I suspect that Vidae Creek resulted from the seepage of the lake’s waters through possible channels within the caldera itself before the waters re-emerge back on the surface further downslope.

Certainly in our experience, waterfalls without much of a drainage or watershed don’t tend to last long.

Vidae_Falls_001_08202009 - Context of Vidae Falls and the rim of Mt Mazama with lots of scree slopes towards its bottom
Context of Vidae Falls and the rim of Mt Mazama with lots of scree slopes towards its bottom

However, since our first visit here was in late August 2009 when you’d think the falls would either go dry or not flow well, it still had pretty good flow while all the snow had been long gone.

Therefore, in order to explain this observation, the seepage theory was the only plausible explanation that I could think of.

Moreover, a video simulating the formation of Crater Lake near the visitor center at Rim Village supported our seepage theory.

In that video, they simulated one of the mechanisms (the other being evaporation) by which the lake level balanced itself out against the accumulation from snow and rain.

Crater_Lake_234_07152016 - Vidae Falls was likely fed by the waters seeping out of Crater Lake through unseen channels in the caldera of Mt Mazama itself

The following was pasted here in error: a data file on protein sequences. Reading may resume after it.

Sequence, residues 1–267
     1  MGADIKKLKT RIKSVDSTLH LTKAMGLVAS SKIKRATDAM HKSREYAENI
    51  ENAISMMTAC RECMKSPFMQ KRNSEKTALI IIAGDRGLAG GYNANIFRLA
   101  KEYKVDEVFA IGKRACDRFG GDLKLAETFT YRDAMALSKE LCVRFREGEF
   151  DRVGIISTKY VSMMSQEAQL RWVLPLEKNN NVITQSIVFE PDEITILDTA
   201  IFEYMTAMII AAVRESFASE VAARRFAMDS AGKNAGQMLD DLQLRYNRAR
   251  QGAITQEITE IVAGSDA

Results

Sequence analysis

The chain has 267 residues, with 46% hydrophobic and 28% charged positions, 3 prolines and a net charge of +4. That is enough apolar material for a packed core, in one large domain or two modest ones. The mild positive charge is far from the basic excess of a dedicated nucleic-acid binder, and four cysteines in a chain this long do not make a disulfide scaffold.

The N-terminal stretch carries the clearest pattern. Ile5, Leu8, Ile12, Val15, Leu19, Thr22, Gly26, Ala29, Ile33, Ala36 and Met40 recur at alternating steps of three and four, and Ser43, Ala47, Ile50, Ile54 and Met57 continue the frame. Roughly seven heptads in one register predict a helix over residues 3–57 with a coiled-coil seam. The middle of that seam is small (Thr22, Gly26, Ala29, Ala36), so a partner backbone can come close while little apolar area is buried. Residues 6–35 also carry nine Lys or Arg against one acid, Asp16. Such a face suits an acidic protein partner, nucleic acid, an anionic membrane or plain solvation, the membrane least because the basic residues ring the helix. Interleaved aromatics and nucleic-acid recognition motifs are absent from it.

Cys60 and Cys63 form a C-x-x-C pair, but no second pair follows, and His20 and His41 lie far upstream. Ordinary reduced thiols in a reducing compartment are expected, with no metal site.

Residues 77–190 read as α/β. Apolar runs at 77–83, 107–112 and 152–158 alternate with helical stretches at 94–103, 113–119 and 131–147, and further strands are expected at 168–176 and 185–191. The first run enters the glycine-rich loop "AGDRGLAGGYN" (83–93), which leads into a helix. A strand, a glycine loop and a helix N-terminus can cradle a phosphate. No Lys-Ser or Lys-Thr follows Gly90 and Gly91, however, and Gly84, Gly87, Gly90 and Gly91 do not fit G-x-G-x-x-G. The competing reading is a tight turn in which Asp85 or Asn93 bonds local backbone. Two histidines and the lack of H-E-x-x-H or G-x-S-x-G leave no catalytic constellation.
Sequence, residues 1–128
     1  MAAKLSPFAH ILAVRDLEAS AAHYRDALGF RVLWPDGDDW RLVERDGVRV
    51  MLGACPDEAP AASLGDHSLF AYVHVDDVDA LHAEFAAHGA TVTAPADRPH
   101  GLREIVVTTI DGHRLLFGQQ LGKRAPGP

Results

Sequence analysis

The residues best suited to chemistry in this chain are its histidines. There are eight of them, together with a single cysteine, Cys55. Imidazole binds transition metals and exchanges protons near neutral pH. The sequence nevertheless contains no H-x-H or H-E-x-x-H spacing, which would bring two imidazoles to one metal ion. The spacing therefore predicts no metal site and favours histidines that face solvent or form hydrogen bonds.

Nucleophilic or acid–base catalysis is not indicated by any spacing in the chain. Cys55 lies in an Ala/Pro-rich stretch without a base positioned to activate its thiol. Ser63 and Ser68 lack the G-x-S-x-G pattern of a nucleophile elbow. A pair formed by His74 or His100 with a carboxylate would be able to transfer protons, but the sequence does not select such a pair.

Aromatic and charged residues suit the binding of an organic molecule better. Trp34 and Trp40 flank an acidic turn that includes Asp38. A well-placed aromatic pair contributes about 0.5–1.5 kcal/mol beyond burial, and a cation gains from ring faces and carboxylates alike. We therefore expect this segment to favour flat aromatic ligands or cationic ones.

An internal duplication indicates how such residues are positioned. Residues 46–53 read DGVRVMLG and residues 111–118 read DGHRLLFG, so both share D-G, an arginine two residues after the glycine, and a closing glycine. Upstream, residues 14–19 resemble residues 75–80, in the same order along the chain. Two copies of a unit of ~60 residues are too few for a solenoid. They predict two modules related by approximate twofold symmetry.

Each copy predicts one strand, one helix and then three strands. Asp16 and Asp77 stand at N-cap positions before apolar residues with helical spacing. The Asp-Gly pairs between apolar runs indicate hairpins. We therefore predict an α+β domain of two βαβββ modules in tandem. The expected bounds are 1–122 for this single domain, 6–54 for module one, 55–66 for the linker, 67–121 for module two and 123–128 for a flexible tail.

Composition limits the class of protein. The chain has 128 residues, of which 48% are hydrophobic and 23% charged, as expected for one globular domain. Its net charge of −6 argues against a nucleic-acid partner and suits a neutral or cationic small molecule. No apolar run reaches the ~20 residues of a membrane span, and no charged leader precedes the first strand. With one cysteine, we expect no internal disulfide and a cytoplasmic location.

Vidae Falls was likely fed by the waters seeping out of Crater Lake through unseen channels in the caldera of Mt Mazama itself

Thus, we suspect this falls would probably flow year-round though it would certainly be dependent on the water level of the lake.

Authorities

Vidae Falls resides in Crater Lake National Park. For information or inquiries about the park as well as current conditions, visit the National Park Service website.

Vidae_Falls_003_07152016 - When we returned to Vidae Falls in July 2016, we showed up pretty early in the morning, where long shadows from tall trees kind of conspired to make the viewing suboptimal. Had we waited another hour, the lighting might have been best
Vidae_Falls_004_07152016 - Early morning look up at the half-shadowed Vidae Falls as seen during our second visit to the Vidae Falls, which took place in mid-July 2016
Vidae_Falls_003_08202009 - This was an angled look at Vidae Falls from the left side of the roadside pullout shot back in August 2009